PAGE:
Sports Illustrated splashed the Cubs across another regional cover, this time calling them “The Last Great American Sports Story.” There’s Javier Baez, arms raised in triumph, about to jump onto home plate and into the awaiting mosh pit after a walk-off win on Mother’s Day at Wrigley Field.
Sweeping the Pittsburgh Pirates and Washington Nationals – two battle-tested, playoff-caliber teams the Cubs might face in October – heightened the delirious feelings out in the bleachers, on social media and within certain segments of the media.
But Theo Epstein’s job is to ignore the hype and prepare for the crash, especially when the president of baseball operations watches a 25-6 team exceed even the sky-high preseason expectations.
“This is not baseball reality,” Epstein said before Tuesday’s 8-7 victory over the San Diego Padres. “Baseball reality is it’s really hard to win a single major-league game. That’s why we celebrate it so much.”
The Cubs are handling all phases of the game right now and must be wearing out the new Celebration Room in their tricked-out clubhouse, getting to the middle of May without back-to-back losses and pushing their run differential to plus-103.
The National League’s deepest, most patient lineup knocked out a rookie starter (Cesar Vargas) after four innings and 92 pitches, generating 12 hits and five walks against an overmatched last-place team. Jon Lester (4-1, 1.96 ERA) didn’t have his best stuff and had to grind through six innings, but he pieced together another quality start for a rotation that began the day leading the majors with a 2.26 ERA.
The night before a doubleheader, star manager Joe Maddon pulled the bullpen levers, using six different relievers, including Pedro Strop (who got Matt Kemp to fly out to right field with the bases loaded to end the seventh inning) and Hector Rondon (now 7-for-7 in save chances with 20 strikeouts against 41 batters faced). It looked like a much closer game than it actually felt after pinch-hitter Alex Dickerson hit a grand slam off Adam Warren with two outs in the eighth inning.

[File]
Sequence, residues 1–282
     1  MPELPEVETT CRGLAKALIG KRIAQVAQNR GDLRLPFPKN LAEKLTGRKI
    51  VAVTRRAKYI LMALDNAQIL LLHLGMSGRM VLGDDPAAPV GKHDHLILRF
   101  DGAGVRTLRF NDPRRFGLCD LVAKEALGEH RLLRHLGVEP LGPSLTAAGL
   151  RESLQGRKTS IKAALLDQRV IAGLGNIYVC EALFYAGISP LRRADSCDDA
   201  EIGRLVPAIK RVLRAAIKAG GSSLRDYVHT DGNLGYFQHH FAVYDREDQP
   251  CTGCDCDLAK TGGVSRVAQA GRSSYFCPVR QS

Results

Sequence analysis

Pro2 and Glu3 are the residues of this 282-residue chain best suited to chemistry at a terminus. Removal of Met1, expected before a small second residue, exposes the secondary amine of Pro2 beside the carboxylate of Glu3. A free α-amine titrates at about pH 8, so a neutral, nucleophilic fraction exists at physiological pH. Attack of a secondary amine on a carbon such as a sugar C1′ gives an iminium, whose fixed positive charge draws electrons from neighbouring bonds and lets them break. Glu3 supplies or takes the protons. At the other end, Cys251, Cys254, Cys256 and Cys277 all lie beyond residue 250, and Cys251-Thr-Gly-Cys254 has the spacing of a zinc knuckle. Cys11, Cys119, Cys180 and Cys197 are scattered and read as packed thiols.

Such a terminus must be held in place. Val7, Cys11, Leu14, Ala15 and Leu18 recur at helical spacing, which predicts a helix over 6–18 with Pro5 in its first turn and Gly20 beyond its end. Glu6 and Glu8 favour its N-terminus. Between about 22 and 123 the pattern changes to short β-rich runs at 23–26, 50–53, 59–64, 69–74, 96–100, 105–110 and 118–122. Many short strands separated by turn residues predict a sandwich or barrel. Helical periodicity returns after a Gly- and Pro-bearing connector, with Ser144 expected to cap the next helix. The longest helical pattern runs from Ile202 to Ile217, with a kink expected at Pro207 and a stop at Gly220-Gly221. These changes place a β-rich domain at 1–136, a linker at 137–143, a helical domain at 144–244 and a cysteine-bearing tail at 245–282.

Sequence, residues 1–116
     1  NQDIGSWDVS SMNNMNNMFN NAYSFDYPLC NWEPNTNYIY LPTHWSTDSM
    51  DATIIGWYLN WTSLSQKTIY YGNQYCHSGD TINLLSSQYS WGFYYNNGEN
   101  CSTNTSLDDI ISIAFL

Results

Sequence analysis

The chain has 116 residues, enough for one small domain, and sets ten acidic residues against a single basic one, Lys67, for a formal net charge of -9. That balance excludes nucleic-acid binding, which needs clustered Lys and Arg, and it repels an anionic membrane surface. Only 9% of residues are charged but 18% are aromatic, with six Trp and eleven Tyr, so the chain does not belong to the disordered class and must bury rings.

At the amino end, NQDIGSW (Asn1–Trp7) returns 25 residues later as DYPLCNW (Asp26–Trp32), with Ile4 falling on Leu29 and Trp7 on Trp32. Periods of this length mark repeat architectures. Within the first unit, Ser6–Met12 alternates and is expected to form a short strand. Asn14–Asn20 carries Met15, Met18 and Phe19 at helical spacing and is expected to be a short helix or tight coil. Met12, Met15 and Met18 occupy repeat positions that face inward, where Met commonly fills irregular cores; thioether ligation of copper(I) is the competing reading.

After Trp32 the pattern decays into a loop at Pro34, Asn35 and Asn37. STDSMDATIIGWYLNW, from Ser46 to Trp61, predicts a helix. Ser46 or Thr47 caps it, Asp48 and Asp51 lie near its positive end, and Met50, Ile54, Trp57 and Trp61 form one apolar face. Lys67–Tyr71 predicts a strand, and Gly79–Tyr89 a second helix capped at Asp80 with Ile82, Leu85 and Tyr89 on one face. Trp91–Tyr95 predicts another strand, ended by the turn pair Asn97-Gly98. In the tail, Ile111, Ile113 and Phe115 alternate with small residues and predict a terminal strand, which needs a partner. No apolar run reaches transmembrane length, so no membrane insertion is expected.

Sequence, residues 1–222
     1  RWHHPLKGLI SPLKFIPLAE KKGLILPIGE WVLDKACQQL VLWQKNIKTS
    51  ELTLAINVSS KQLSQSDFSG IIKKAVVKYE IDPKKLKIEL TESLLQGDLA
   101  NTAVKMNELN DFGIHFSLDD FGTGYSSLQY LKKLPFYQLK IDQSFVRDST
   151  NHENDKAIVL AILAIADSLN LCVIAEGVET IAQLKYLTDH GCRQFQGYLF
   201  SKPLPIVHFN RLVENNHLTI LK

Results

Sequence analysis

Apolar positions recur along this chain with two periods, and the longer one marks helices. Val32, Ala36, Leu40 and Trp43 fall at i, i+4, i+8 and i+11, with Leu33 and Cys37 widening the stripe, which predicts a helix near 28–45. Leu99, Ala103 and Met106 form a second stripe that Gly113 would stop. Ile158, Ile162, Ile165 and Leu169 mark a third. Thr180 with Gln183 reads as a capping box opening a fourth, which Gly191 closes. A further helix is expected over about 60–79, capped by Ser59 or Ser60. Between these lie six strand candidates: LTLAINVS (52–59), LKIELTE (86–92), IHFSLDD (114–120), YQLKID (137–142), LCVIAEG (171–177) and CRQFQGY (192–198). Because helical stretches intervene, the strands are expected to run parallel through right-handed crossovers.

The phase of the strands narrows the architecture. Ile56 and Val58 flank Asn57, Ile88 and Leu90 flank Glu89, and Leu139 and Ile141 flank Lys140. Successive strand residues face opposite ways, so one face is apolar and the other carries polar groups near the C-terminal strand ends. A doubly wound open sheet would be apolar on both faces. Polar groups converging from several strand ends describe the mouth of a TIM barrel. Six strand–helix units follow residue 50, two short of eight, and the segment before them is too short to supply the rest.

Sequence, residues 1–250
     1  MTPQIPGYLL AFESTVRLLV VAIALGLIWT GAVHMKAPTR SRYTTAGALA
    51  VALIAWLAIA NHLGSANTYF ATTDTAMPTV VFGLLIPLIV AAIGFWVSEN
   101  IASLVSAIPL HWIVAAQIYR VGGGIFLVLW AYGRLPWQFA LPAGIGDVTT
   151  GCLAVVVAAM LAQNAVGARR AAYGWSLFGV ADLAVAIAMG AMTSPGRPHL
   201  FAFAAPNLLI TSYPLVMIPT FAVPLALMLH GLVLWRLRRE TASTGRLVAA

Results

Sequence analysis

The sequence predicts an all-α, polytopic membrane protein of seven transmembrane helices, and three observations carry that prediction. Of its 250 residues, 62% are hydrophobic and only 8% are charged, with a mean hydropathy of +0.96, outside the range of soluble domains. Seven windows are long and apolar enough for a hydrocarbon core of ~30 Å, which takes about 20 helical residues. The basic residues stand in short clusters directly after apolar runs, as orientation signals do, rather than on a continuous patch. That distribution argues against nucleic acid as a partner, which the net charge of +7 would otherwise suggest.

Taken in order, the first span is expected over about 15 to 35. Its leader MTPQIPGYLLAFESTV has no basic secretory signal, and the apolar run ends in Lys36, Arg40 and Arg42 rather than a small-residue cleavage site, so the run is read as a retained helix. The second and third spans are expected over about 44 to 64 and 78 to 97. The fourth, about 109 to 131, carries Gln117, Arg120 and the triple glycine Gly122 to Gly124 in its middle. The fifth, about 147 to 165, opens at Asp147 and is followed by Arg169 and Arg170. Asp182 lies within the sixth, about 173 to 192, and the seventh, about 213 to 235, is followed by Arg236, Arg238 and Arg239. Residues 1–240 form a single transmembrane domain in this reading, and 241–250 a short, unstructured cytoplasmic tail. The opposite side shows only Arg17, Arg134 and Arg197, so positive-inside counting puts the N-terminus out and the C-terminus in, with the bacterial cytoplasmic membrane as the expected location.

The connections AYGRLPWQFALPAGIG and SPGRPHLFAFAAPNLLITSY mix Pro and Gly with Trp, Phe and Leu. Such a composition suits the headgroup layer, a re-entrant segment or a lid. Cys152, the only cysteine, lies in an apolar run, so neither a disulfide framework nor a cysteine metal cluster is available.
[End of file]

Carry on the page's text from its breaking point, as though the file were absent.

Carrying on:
“We know we’re in a stretch right now where winning seems far easier than it actually is,” Epstein said. “We know there’s going to be a stretch – probably a long stretch this year – where winning even one game seems virtually impossible. That’s just the nature of baseball. We’re not blinded by it.
“We’ve been saying in the office: ‘We’re in a tree right now.’ We want to stay up there as long as we can, but we’re going to get down at some point.”
The Cubs didn’t stop after shocking the baseball world last year, winning 97 games and two playoff rounds and then doubling down by spending almost $290 million on free agents. The trade deadline won’t be a time to be cautious and worry too much about the future when this team has a chance to make history.
“We still have vulnerabilities,” Epstein said. “We still have areas where we need to get better. We still have challenges and more adversity to come. We’re going to suffer injuries. We’re going to suffer downturns in performance. We’re going to be stretched thin. We’re going to go through stretches of bad luck. We’re going to go through stretches of bad performance. We’re going to run into really hot teams.
“We want to stay as locked in as we are right now. But the game is very humbling and we’re aware that time is coming when there are going to be great challenges. And we almost look forward to it, because I think that’s when you find out what you’re made of.”
Where last season felt like a joyride for a front office that projected around 85 wins if everything broke right, a group of rookies that didn’t know any better and a $155 million pitcher who expected 2016 to be the year where the Cubs went all-in, only a World Series title will satisfy them now.
“Baseball karma is real,” Epstein said. “When you see some of the stuff written about us in the winter, and you see some of the World Series odds and things like that for a team that is a defending third-place team and hasn’t done anything yet, and there are some individuals who haven’t proven they can accomplish certain things back-to-back seasons, and we’re still a losing team during my tenure overall in Chicago (322-357), you get uncomfortable.
“Hopefully, at the end of the year, we’ll look up and say: ‘Hey, we earned what people are saying about us.’”